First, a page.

The effects of an acute stretch on evoked potential, blood flow, histological change, and clinical neurological state were studied in a rat model of acute nerve stretch induced by femoral lengthening. The purposes of this study were to assess, in a model of acute limb lengthening, the safe limits of nerve stretch for nerve function. the pathogenesis of nerve dysfunction, the sensitivity of spinal somatosensory evoked potential, and one of the proposed criteria for irreversible compromise of the sciatic nerve. Thirty-two rats were assigned to one of four groups defined by the degree of acute femoral lengthening (8, 16, 24, and 32%). Spinal somatosensory evoked potential at L5/6 following stimulation of the sciatic nerve was recorded before, immediately after, and 30 minutes after lengthening. Sciatic nerve blood flow was measured by laser Doppler flowmetry at the stretched site before and after lengthening. One week after the operation and without further lengthening, clinical neurological status was evaluated by the functional index of the sciatic nerve and histological examination was performed. At the measurement immediately after the procedure, amplitude changed significantly in all groups except for the group with 8% lengthening. In all groups, sciatic nerve blood flow also dropped significantly compared with values for the control side. Moreover, a greater percentage increase in acute lengthening corresponded with more marked changes in spinal somatosensory evoked potential and sciatic nerve blood flow. The groups that underwent acute lengthening of 24 and 32% had significant neurological deficits and histological changes and demonstrated a significant and profound (50%) drop in amplitude and blood flow. We concluded that spinal somatosensory evoked potential is very sensitive and may serve as an effective tool for the early detection of impending acute nerve-stretch injury and that a 50% reduction in amplitude indicates irreversible damage.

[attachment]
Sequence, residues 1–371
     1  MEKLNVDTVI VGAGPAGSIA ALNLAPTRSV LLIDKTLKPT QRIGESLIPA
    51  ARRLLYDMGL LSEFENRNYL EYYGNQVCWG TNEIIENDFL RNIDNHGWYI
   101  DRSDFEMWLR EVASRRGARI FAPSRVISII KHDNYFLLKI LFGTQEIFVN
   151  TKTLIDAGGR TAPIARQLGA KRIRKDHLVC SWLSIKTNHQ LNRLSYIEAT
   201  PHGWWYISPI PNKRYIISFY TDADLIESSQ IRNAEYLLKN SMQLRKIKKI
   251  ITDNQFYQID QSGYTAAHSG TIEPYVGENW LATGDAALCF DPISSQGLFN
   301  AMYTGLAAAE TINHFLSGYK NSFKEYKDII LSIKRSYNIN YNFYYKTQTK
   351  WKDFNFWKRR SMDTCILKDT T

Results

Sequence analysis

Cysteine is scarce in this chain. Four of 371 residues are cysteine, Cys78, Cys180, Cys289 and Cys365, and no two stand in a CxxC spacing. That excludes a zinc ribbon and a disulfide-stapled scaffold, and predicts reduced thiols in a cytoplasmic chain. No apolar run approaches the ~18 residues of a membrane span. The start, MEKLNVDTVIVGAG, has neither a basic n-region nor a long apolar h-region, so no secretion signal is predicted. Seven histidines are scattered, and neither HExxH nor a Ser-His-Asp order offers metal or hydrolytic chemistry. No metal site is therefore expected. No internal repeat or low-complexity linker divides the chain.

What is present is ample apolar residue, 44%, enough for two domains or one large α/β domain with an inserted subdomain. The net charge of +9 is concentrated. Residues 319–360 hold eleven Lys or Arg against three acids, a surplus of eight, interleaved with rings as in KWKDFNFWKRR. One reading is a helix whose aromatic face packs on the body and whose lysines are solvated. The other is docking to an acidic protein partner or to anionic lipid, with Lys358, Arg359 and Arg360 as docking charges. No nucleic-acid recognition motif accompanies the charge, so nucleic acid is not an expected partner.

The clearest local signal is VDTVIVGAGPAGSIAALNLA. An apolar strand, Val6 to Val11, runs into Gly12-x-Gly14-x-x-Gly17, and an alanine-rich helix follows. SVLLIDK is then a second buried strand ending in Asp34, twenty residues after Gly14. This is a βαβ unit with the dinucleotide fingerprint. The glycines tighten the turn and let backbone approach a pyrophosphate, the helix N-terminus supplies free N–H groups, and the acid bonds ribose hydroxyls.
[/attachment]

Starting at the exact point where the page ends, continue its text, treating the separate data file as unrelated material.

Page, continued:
All Science Journal Classification (ASJC) codes